The Future of Nonviolence
Multi-disciplinary conference will be held February 23, 2019 in the Dauch College of Business at Ashland University
Registration Now Open! Register online through February 20.
The theory and practice of nonviolence includes a wide variety of philosophies, theologies, practices, and strategies. What does the future hold for these? Are the past successes of nonviolent movements adequately remembered and celebrated? Do they inspire fresh commitments and strategies? What do recent advances, realizations, and discoveries in all disciplines mean for reducing violent conflict, achieving nonviolent social change, and bringing about a just peace for more people and communities? What threats do present geopolitical realities pose to these prospects? What are the most relevant and enduring sources of nonviolence, both philosophically and historically? Have some forms of nonviolence become outmoded, unworkworkable, unwise, or untrue? Where does belief in and felicity with nonviolence need to be renewed? Historically, how have people’s commitment to nonviolence been revitalized?
The goal of this one day conference is to address questions such as these by considering the future of nonviolence.
Panels and Presentations:
Agents provocateurs: Strategic implications for civil resistance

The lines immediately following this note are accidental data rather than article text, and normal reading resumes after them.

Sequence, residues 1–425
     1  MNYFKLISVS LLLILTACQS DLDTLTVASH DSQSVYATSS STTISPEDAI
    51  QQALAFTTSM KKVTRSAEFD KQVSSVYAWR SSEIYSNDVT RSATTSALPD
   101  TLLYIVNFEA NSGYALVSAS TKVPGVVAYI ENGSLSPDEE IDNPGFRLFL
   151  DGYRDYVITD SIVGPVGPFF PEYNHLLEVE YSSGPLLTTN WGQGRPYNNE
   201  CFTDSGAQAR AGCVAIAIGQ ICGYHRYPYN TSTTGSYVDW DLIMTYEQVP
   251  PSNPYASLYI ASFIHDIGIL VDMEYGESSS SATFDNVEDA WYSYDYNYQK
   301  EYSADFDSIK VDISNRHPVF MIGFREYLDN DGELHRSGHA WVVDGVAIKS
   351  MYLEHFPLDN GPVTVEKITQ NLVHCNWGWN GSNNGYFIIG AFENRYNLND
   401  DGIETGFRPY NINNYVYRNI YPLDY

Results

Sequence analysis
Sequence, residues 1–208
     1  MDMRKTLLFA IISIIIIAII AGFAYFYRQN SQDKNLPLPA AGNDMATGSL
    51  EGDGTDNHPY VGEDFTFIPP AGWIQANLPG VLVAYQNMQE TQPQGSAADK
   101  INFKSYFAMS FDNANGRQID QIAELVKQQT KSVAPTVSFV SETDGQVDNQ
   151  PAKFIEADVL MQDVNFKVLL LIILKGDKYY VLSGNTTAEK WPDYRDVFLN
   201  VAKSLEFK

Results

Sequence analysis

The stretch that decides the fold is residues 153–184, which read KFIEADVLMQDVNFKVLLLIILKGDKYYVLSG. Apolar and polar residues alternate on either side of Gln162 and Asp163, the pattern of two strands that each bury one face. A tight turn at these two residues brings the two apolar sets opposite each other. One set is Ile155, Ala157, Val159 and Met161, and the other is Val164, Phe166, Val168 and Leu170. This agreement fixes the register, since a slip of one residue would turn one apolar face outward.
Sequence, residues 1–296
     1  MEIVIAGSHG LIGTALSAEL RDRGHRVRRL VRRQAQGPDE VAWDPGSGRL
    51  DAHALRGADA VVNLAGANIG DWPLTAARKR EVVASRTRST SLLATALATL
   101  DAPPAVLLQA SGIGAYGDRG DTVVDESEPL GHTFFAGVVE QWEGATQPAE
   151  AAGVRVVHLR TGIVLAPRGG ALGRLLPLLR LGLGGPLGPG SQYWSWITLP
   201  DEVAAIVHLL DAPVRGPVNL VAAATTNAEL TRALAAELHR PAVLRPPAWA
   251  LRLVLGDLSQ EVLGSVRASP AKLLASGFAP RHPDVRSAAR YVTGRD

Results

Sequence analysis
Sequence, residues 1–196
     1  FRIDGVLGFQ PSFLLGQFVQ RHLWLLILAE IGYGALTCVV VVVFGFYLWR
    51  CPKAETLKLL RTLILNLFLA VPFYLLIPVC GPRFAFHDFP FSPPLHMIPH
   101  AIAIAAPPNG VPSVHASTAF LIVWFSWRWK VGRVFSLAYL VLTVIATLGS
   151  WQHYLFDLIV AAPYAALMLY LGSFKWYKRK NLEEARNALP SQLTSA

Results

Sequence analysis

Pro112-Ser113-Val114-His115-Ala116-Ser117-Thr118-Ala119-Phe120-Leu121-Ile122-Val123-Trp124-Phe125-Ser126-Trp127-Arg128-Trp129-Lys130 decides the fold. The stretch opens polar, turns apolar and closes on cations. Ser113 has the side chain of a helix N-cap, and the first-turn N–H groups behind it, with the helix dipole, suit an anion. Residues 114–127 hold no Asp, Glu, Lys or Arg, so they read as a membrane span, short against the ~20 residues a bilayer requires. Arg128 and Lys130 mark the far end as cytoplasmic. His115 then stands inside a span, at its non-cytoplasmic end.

Nonviolence in Violent Times: Exploring militant antifascism, eco-defense, and property destruction
Miami University/Peace and Justice Studies Association
Thomas Merton and Pope St. John XXIII: 20th Century Apostles of Nonviolence and Peace
Ashland Theological Seminary
Does Nonviolence Even Have A Future?
North Central State College
Reborn in the Salvadoran People: Oscar Romero and the Future of Nonviolence
Panel on Rethinking Democracy and Nonviolent Power in Dangerous Times
Colins Imoh, The University of Toledo
Janet Gerson, International Institute on Peace Education
Dale Snauwaert, The University of Toledo
Jeff Warnke, Walsh University
Peaceful Identity: A Critical Evaluation of Giorgio Agamben’s Philosophy
Mount Vernon Nazarene University
Political Theology, Martin Luther King, Jr., & Frantz Fanon: Can “the apostle of nonviolence” & “the apostle of violence” meet?
The Ohio State University
Violence and Expulsion as Obstructions to Asylum: Questioning Obstacles
And God Said to Them: How Radical Anthropocentrism Does Violence to God’s Gift of Creation
John Carroll University
Lead, the brain, and violence
Love as the Moral Foundation of Nonviolence
University of Findlay
Ekklesia Jenkins and Tyler Olson
Cuyahoga Community College
Religious conviction in Antiwar Identity
Ohio Dominican University
Christian Literary Witness & Non-violence
University of Dayton
Some Thoughts On Justice, Responsibility and Violence
The University of Toledo
May 4, 1970: Is Reconciliation Possible?
Kent State University